At 6:30 pm Chie and I went to Ebisu where we packed our car to the brim with various things to bring to Kobuchihama and Fukukiura. Once we packed our car we went to KotoKoto for a quick dinner, then back home to sleep for a couple of hours before we started the long drive to Ishinomaki in the Tohoku area.
Tag Archives: Ishinomaki
In the afternoon we had made 4 stops at different families to provide some supplies. Before we headed back to Tokyo we wanted to have a look at the Ishinomaki harbor. This was one of the areas that was most damaged by the earthquake and tsunami in March. The coast line here sunk around 0.5 meter. The photo below shows a building that was on the dock just a few meters from the water. Now the ground floor is in water. In front of it you can see the light posts in the middle of a former road, which now looks more like a water way between what is now the new roads made of dumped stones and gravel.
From the harbor we continued to a mountain of dead cars. Here many cars that were destroyed in the Ishinomaki area during the tsunami have been collected and piled on top of each other.
Just passed the car mountain was an open space with nothing more than green grass growing between the only thing left of many houses, their foundations. This was a few hundred meters from the ocean and most houses here was swept away.
This final round trip in Ishinomaki was probably the most difficult part of the whole trip. Of course it is difficult to meet people that lost their homes and more but the people we met had such big smiles and seemed to be full of hope. Here the atmosphere was much worse, the only thing you could see was all the devastation and all the lives that had been destroyed.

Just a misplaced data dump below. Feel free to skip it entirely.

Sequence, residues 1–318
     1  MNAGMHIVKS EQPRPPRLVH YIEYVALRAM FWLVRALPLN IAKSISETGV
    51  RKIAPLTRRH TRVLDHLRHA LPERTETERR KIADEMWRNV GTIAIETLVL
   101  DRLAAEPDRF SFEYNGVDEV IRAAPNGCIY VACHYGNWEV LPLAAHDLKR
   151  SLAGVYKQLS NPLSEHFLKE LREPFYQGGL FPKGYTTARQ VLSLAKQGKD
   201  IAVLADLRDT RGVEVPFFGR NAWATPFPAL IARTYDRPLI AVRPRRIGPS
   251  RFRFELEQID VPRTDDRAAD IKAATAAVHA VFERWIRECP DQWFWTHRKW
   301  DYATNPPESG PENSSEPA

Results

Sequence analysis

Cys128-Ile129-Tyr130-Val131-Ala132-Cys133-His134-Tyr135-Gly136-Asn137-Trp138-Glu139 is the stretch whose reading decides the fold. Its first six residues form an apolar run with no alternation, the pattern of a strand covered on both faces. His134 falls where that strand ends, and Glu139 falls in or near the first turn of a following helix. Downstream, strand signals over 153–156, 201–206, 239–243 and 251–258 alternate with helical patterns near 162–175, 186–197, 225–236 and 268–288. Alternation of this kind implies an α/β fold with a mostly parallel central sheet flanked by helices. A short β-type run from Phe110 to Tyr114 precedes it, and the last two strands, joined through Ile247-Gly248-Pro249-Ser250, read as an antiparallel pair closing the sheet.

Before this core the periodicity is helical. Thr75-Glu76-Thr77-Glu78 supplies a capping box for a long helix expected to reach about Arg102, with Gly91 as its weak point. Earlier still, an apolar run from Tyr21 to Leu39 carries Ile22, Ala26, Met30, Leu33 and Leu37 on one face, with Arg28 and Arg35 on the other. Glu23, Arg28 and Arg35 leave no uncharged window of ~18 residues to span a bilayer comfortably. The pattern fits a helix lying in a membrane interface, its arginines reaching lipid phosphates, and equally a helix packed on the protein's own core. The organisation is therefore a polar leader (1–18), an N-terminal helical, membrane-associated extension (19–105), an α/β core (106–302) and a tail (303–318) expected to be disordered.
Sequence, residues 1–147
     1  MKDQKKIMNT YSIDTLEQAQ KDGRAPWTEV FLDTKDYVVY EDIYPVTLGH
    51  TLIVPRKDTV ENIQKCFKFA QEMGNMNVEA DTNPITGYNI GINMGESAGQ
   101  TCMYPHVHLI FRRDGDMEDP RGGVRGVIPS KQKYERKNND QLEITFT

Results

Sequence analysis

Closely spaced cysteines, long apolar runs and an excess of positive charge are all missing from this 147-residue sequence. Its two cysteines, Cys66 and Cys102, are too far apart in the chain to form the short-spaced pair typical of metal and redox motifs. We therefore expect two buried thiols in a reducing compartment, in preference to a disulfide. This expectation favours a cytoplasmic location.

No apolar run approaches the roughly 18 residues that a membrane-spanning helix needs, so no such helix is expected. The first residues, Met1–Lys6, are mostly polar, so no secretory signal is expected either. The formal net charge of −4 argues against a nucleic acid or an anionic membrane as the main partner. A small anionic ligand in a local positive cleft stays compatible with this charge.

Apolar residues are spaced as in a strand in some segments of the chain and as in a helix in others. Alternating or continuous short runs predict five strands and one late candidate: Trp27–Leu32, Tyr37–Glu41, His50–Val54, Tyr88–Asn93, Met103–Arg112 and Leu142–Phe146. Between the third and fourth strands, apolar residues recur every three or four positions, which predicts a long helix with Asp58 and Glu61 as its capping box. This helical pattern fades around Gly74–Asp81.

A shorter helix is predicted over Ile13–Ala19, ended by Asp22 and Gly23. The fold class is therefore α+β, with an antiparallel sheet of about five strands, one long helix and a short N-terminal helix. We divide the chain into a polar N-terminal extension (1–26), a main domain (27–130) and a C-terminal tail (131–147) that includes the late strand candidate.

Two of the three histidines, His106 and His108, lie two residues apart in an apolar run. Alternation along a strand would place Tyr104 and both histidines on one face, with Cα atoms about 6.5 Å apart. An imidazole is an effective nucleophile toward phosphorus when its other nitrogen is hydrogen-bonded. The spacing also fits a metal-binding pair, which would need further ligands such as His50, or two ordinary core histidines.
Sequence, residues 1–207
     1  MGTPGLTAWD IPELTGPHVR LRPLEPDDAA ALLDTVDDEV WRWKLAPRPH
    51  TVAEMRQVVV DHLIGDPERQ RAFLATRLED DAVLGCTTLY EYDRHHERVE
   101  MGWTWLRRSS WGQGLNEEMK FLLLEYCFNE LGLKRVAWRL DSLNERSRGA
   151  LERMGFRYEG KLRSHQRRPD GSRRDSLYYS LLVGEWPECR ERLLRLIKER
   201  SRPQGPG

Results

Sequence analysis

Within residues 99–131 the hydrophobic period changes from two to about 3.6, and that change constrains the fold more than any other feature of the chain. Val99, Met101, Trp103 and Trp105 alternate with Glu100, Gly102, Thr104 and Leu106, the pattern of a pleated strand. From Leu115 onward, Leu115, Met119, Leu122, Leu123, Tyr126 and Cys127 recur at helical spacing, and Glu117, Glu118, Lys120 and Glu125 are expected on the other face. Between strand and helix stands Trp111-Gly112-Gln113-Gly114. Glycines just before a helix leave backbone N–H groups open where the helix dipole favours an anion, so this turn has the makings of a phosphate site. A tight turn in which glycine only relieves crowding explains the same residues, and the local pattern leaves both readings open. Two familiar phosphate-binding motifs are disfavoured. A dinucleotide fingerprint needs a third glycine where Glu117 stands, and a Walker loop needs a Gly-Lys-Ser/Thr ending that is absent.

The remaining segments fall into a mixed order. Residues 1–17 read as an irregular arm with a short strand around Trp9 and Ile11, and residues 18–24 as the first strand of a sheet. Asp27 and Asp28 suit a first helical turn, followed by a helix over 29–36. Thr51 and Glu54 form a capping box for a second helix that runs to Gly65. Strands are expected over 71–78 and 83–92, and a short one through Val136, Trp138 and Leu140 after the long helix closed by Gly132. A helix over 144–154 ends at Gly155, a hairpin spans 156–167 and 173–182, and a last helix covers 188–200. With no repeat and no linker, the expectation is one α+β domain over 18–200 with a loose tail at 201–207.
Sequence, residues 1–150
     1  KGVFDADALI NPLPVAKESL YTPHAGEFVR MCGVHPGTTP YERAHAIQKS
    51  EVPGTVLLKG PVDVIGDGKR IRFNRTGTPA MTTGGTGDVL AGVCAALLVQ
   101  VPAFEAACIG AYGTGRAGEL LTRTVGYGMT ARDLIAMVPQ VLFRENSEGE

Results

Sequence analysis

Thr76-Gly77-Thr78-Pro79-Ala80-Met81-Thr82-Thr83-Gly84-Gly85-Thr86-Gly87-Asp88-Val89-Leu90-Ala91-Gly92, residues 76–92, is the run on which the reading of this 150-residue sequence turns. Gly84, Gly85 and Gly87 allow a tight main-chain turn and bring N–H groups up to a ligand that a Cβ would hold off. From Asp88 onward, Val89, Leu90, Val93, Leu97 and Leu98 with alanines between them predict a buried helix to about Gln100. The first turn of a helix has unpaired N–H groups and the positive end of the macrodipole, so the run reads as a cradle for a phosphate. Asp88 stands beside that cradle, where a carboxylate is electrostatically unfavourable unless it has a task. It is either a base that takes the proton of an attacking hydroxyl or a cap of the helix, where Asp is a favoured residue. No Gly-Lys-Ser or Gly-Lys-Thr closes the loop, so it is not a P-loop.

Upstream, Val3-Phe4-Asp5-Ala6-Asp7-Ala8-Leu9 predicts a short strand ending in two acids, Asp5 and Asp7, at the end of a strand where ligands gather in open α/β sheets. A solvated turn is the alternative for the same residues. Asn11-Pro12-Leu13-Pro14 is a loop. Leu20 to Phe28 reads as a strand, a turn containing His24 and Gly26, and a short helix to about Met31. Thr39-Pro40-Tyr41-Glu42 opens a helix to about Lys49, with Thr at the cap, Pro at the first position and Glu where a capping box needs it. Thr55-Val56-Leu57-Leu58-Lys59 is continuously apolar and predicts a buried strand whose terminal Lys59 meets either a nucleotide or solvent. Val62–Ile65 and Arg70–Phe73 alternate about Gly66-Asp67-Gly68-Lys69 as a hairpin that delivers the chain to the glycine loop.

Round Trip in Ishinomaki
Chie and I had breakfast at 8 am. Then we met Ishihara-san around 9 am to cross the road to buy some supplies for our round trip in Ishinomaki. We were going to visit people that lived in Fukukiura but that have now been forced to move to Ishinomaki due to the earthquake and the tsunami in March. Some of them have moved here so that there kids can be close to school as they family no longer have a car to drive them. Instead the husband takes a bus to Fukukiura every day to work on restarting the fishing business – a trip that takes 40 minutes by car.
We made about 4 stops at different places around Ishinomaki. It was strange to see how just living a block further up from the sea could make all the difference. At one place whole houses had been swept away or been destroyed beyond repair. The next block or so up they were intact and people went on with their “normal” life.